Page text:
What Every Student of Latin Needs to Know
One of the most important aspects to education is dialogue, and we love to promote an on-going conversation with past, present and future students. Summer 2012 student Lidia Zanetti Domingues spent last summer with Nancy Llewellyn in the AIRC’s Living Latin, Living History program, and writes about What Every Student of Latin Needs to Know.
At first sight, Latin always seems a tough nut. Whether you are a 14-year-old Italian during the you first day at the High school, or an American teenager who has decided to study Classics at the College, or anybody else eager to read Cicero or saint Augustine in the original language, the first impact with Latin can be really traumatic.
At the very beginning, I felt the same sense of discouragement that probably many of you are feeling or have felt too. But I decided that Latin language and literature were so amazing that it was worth the trouble. I have experienced many different types of teaching in different contexts and I wish to share my experiences with you. Here are some tips that I found very useful during my learning path.
- Latin has a meaning: many beginners seem to think that, since Latin authors wrote their works so many years ago, their language cannot but be cryptic and unintelligible. Therefore, when they look up a word in the dictionary, they tend to pick the weirdest meaning they find. Remember that, if classical authors are still read nowadays, it’s because they still can communicate us something! If your translation has not much meaning, it is probably wrong. Yes, decus suum can also mean “the honor of pigs”, but why should Tacitus write about pigs’ honor?
- Beware the false friends: the average student who is an Italian, French or Spanish native speaker is simply too lazy to look up some words in the dictionary. The Latin says focus? Well, it must mean fire (fuoco, feu, fuego), of course! Pity that it actually means “hearth”. Romance languages can be helpful allies to learn Latin also for those who are not native, but if you are not 100% sure about a meaning, it is better to check.
- Accent issues: in one of your first classes, you might have learned the laws of Latin accent and especially the “law of the penultimate accent”. They are very simple, but unfortunately one always discovers very soon that they are not so simple when it comes to implement them: sometimes it looks almost impossible to discern whether the penultimate syllable is long or not. My advice is to always read Latin texts aloud and check the words you are unsure of in dictionaries or grammars. You should also bear in mind the retraction of the accent in compound verbs (e.g. dàre-circùmdare): it is very tricky!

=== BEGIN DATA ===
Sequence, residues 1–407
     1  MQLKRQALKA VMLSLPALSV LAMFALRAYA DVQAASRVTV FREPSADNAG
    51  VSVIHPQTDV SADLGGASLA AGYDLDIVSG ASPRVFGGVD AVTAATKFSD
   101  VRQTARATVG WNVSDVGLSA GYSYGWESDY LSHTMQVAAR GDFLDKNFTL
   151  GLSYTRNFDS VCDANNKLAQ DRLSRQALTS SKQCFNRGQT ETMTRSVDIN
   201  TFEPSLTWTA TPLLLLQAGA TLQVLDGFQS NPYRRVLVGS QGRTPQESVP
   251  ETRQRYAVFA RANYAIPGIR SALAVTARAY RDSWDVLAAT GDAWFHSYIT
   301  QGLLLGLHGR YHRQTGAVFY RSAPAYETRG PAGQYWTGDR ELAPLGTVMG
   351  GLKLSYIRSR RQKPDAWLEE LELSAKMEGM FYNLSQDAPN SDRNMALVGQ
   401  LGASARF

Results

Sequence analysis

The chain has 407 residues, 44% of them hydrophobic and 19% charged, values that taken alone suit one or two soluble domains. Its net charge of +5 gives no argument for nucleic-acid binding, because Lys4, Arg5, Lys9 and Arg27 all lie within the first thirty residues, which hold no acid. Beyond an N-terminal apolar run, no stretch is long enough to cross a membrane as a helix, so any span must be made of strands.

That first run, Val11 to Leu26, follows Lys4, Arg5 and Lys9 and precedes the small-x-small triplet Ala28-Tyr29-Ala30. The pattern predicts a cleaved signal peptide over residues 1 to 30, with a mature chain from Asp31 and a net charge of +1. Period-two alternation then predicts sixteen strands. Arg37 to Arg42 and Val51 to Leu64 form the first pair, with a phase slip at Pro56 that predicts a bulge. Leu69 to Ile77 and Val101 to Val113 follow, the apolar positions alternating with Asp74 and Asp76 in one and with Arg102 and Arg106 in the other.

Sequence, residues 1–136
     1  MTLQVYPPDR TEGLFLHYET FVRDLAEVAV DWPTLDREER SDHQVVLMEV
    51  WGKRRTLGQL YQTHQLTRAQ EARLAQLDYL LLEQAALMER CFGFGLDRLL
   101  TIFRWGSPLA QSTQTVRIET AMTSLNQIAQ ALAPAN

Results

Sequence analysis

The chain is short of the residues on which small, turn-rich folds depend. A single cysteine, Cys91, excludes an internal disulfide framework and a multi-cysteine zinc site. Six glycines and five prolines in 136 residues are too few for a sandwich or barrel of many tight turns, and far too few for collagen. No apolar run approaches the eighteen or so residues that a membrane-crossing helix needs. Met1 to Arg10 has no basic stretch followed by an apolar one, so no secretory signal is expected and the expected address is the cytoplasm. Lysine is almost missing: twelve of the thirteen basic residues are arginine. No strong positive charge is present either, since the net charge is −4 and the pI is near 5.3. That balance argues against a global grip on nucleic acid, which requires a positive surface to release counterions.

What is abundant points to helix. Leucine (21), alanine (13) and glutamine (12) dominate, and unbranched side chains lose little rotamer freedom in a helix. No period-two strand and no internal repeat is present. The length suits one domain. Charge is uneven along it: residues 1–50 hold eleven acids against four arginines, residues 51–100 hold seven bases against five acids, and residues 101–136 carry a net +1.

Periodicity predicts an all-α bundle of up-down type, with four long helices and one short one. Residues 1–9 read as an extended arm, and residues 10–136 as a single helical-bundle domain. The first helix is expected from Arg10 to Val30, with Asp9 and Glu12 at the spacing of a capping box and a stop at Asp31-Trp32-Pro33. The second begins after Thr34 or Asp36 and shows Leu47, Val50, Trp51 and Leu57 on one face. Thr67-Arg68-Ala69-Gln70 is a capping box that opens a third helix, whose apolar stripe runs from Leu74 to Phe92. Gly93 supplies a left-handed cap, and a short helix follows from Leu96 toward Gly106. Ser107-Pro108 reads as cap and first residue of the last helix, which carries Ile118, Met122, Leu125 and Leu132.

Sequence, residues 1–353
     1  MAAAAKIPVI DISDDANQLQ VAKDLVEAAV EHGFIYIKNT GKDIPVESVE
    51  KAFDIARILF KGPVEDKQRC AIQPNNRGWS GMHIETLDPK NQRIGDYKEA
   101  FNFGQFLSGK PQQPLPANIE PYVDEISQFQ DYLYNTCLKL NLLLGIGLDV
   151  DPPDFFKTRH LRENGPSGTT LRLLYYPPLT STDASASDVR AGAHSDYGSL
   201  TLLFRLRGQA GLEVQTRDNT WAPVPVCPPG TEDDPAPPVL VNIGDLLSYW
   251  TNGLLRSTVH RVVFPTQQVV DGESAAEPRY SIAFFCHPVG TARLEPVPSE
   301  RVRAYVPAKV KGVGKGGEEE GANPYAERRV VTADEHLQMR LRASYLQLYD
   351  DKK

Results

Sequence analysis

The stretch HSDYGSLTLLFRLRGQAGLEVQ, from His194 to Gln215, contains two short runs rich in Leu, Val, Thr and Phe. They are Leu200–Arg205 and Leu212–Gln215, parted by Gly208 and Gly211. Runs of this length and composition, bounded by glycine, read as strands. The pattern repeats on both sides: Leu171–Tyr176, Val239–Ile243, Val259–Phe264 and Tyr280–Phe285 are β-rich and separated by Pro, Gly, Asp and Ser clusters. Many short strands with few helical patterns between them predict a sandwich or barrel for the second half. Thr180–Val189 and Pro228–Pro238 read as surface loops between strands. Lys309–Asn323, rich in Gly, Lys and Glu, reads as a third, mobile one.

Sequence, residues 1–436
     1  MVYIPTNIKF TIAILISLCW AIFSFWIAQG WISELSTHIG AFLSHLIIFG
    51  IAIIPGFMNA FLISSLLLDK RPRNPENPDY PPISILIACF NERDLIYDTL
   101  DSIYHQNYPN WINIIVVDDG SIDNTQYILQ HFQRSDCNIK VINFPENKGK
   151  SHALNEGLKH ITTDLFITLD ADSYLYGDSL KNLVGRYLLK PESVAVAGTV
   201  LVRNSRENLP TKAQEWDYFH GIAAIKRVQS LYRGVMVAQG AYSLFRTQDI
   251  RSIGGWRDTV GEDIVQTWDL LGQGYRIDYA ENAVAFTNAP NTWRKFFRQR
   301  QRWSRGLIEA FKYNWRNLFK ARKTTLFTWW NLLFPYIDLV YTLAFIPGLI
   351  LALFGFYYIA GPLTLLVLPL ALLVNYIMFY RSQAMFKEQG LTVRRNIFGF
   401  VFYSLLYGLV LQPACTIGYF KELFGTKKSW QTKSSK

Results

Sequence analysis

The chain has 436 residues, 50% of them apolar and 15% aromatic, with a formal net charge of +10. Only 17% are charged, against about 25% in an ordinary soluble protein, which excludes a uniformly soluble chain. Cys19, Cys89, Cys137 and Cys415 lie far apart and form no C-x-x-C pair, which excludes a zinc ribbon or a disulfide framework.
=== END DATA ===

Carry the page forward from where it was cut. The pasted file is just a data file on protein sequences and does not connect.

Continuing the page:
- Verbs quizzes: this is a method I often used during the first years of High school to learn Latin verbal system. With a friend, tear a sheet into pieces and write on them Latin verbs (the more insidious they are, the more useful the game will be), fold them and put them into a bowl. Draw a piece of paper in turn and try to analyze the verb: the other person must check that the answer is correct.
- Try a spoken Latin course: apart from making you get rid of accent problems (if you use Latin words in real conversations, you will know for sure where to put the accent!), knowing how to speak aliquantum Latine also liberates you from the dependence on dictionaries. Also spoken Latin has its complexity and one of the biggest issues is to enhance one’s lexicon. Try to memorize words making connections between them, associating them by topic or by contrast (a word and its antonym, for instance). I also noticed that some of my American classmates struggled a bit trying to pronounce some words (contignatio was especially their nightmare), but they find very useful to divide such words in shorter sections, practicing their pronounce separately and then joining the parts.
Good luck with your Latin studies, and believe me: one day, when you will be reading an epistle of Seneca or an ode of Horace, you will agree with me that all your efforts were worth those enchanting masterpieces!
~Lidia Zanetti Domingues, LATIN2012
Interesting in augmenting your Latin studies with an on-site, practically total immersion in Latin? Please take a look at our Living Latin, Living History program. There are a few spots left for applicants for this summer 2013’s program in Rome- check out our video for the full experience.